Territorial Vineyards 2016 Rosé of Pinot Gris, Willamette Valley •  $18 Vineyard owner Alan Mitchell provided much of the fruit for winemaker Ray Walsh, and their downtown Eugene project in a former coffee warehouse helped set the standard for Northwest urban wineries. An overnight soak of Pinot Gris from Equinox Vineyard makes for aromas of white peach, rose petal, tangerine and apple blossom that are matched on the fruity yet dry palate. A fun combination of cream and apricot skin provides a pleasing finish. (12.7% alc., 150 cases)

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Waterbrook Winery 2016 Sangiovese Rosé, Columbia Valley •  $12 Walla Walla winemaker John Freeman and Waterbrook provided a template for Northwest rosé made with Sangiovese more than a decade ago, and he works with four sites, including Precept’s estate Canyon Vineyard Ranch, for this perennial favorite. The winning ingredients hint at strawberry, honeysuckle and crawberry, backed by a bite of plum for a slightly off-dry finish. (13.3% alc., 4,142 cases)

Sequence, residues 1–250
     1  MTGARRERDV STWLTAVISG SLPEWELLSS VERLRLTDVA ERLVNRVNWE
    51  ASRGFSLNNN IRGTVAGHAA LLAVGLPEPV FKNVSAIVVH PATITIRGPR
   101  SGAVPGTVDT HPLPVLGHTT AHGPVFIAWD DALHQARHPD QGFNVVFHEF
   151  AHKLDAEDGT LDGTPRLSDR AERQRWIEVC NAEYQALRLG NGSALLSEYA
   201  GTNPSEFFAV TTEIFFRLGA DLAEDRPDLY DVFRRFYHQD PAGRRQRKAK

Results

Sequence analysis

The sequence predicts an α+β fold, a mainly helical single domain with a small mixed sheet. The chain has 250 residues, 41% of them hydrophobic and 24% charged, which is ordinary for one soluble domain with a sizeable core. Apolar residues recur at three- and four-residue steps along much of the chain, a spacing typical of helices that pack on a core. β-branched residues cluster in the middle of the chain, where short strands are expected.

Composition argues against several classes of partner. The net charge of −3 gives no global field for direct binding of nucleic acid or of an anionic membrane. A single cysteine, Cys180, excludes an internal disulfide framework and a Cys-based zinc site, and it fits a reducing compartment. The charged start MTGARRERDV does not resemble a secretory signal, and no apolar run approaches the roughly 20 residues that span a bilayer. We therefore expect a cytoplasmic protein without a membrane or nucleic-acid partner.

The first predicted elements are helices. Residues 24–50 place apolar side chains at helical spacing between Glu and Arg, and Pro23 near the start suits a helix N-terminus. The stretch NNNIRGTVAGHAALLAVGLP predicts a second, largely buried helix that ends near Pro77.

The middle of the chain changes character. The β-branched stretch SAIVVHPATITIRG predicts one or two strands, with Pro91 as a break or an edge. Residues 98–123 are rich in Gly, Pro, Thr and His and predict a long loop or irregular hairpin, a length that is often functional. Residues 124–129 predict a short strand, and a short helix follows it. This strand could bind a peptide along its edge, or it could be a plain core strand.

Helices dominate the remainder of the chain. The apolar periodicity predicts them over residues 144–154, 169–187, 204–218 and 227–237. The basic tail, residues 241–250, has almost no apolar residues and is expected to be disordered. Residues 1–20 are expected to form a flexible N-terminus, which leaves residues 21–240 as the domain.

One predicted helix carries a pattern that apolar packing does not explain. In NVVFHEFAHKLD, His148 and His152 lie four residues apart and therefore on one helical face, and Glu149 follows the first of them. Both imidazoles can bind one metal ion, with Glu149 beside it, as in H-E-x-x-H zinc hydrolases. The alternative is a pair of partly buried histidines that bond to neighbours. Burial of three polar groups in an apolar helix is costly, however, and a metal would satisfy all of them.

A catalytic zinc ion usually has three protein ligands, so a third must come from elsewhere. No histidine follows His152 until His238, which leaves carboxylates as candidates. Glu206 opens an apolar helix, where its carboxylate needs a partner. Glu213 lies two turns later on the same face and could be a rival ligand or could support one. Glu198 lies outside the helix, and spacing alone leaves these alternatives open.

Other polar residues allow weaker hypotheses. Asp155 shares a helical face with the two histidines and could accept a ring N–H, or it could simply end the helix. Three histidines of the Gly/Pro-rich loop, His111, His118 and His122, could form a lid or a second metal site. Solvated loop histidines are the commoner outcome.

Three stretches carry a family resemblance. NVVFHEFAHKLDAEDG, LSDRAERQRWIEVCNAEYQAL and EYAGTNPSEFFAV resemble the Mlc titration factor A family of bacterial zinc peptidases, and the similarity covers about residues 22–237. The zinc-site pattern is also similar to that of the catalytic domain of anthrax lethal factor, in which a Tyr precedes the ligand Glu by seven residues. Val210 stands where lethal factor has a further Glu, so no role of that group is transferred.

Willamette Valley Vineyards2016 Whole Cluster Rosé of Pinot Noir, Willamette Valley •  $18 Gravity-pressing, a 24-hour soak and partial surlie aging promotes youthful color, a pinch of pie spice and a steady stream of juicy reddish fruit tones such as sweet cherries and watermelon with Ruby Red grapefruit acidity. A tropical note and a flake of minerality hangs in the background. Suggested pairings include Lime and Coconut Grilled Shrimp or Nicoise Salad. (13.4% alc., 7,000 cases)

Wit Cellars 2016 Rosé, Columbia Valley •  $18 Yakima Valley winemaker Flint Nelson and his Wit Cellar project - Wine Press Northwest’s Washington Winery to Watch - go direct to press with this rosé from Syrah, a different path than his 2015 debut vintage. Its strawberry/watermelon color brings cherry blossom, white peach and apricot flavors that are realized on the dry palate, which is nicely balanced. (13% alc, 125 cases)

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Airfield Estates Winery 2016 Sangiovese Rosé, Yakima Valley •  $15 The Miller family’s vineyard spans nearly 900 acres and represents 27 varieties at the base of the Rattlesnake Hills north of Prosser, Wash., and the Sangiovese for rosé hails from their Blackrock Canyon Vineyard on the eastern end of their holdings. Complex aromas and flavors of dried strawberry and sweet blueberry are joined by a flourish of boysenberry in the farewell, awarding it excellent balance behind the nearly 1% residual sugar. (13.5% alc, 1,258 cases)